Being an entrepreneur has its own rewards but for you what has been the pinnacle or most valued success story to date?
Most would argue our Kickstarter which raised over 34,000 Swiss francs would’ve been my pinnacle – it really accelerated our growth and our media attention really exploded.
However, the real peak of the project so far for me was when we had enough money to reinvest into Cambodia, we built a new production hut that is also used as a schooling centre, and it was all made of wood and natural materials. It was fantastic, each day I would see it develop a little more, and then a little more until it was finished. Seeing the final structure with local people using was so gratifying and it was the most rewarding thing I’ve done at Elephbo so far!
To anyone out there hoping to incorporate social and environmental values into their business, what advice would you offer?
My advice would be that it’s great to be driven by core values and I think having social values embedded into a business is really fantastic but you must never forget about the business aspects.
Without making money, your business model isn’t sustainable and you have nothing to reinvest back into your business to allow it to grow. It is our hope at Elephbo, to move away from leather to animal-free materials and cater for a more vegan friendly market. Over time we hope to keep investing into Cambodian infrastructure and to one day have a production facility which can make a bag from start to finish.
Haslo Limited connects Georgian hazelnut producers with the UK and EU. The hazelnuts we produce are from Georgia because of the richness in flavour and the excellent quality.
Why are Georgian hazelnuts better?
The Eastern coast of the Black sea where Georgia is located offers the perfect mix of conditions for the growth and production of hazelnuts. Therefore, no need for pesticides is required when they are being cultivated.
Another reason to turn to Georgia is the fact that encouraging production of hazelnuts there will impact the country in a positive way, creating a sustainable business and benefiting the local communities, which are often being pushed to seasonally migrate to Turkey and live in poor conditions in order to harvest hazelnuts there.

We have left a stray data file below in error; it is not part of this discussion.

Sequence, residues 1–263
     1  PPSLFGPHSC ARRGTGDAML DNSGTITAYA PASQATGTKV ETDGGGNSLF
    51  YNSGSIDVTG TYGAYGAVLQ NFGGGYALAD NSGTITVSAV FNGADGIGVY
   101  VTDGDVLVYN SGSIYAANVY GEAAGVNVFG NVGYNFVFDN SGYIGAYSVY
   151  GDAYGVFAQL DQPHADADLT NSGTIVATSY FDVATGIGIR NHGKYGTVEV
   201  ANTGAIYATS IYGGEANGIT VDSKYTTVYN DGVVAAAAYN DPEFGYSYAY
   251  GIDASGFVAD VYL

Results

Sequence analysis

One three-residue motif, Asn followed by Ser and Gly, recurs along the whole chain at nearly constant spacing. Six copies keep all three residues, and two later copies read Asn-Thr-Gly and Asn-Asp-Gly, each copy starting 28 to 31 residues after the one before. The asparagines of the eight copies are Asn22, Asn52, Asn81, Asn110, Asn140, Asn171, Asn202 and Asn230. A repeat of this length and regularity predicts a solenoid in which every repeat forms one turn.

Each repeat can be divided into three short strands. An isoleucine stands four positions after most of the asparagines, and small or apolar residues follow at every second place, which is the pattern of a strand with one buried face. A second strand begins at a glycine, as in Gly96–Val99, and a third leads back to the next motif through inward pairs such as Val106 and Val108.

Did you know that Nutella owned by the Ferreo family controls approximately 60% of the world’s Hazelnut Supply?
What can I get from Haslo?
Haslo Limited offers a variety of products, such as: hazelnuts in shell, hazelnut kernels, blanched hazelnut kernels, chopped hazelnut kernels, hazelnut flour and hazelnut meal.
The products come in variety of sizes depending on the needs of the customers. All products offered by Haslo Limited are packaged to EU standards and regulations and have gone through a strict quality control. Currently Haslo sell to businesses but they are in fact looking to make hazelnuts into a delicious snack for the likes of you and I.
What’s so great about Haslo?
Haslo Limited’s biggest strength is that it deals directly with Georgian hazelnut producers and supports the local agriculture industry where it is most needed. At the same time the products offered excel in quality and are 100% organic. The prices of the products are competitive because the company is relatively new and wants to break through and get a larger market share and develop. Haslo also donates 1% of their profits to the Georgian community helping workers and children affected by seasonal migration via a specific charity organization working in the country.
Haslo Limited is a great alternative if you are looking to purchase hazelnuts, because you not only get the product on a competitive price, but also receive excellent quality and at the same time support the Georgian agriculture and help create a sustainable business for the local community.
Christa is the Founder of ZOLO Wellness a startup wellness brand that has just launched their new sustainable ZOLO Active Mats made from cork and recycled rubber.
Christa where did this amazing idea come from?
I love Yoga. I especially love hot yoga and practice almost everyday. I was sick of being in the studios where only a towel was provided to put over your plastic mat to prevent you from slipping.
First of all, the towel didn’t cover the area of the mat, so there would always be a crease under your mat. It made the practice harder, which is not necessarily a bad thing, but it is when the form is incorrect.
Secondly, I grew up in Hong Kong. I love being outside – in the park, the beach, the mountains. But the weather in Hong Kong is just so changeable. One minute it will be super sunny and the next it is pouring. When it starts to rain halfway through your practice, you either keep going – slipping, or, you have to stop and leave.
Why are you using cork rather than the usual plastic?
Having studied and worked in the hospitality industry, I have seen so much wastage of cork in the restaurants and hotels. Why? Probably because they don’t know where or how to recycle, or simply can’t be bothered. Without even knowing the tremendous benefits, I started collecting cork. My Mother is an artist and sometimes uses cork in her personal art projects. I also started seeing some cool accessories that were being made from cork, such a wallets, bags, shoes, as well as home décor for floors, lamps, chairs – you name it.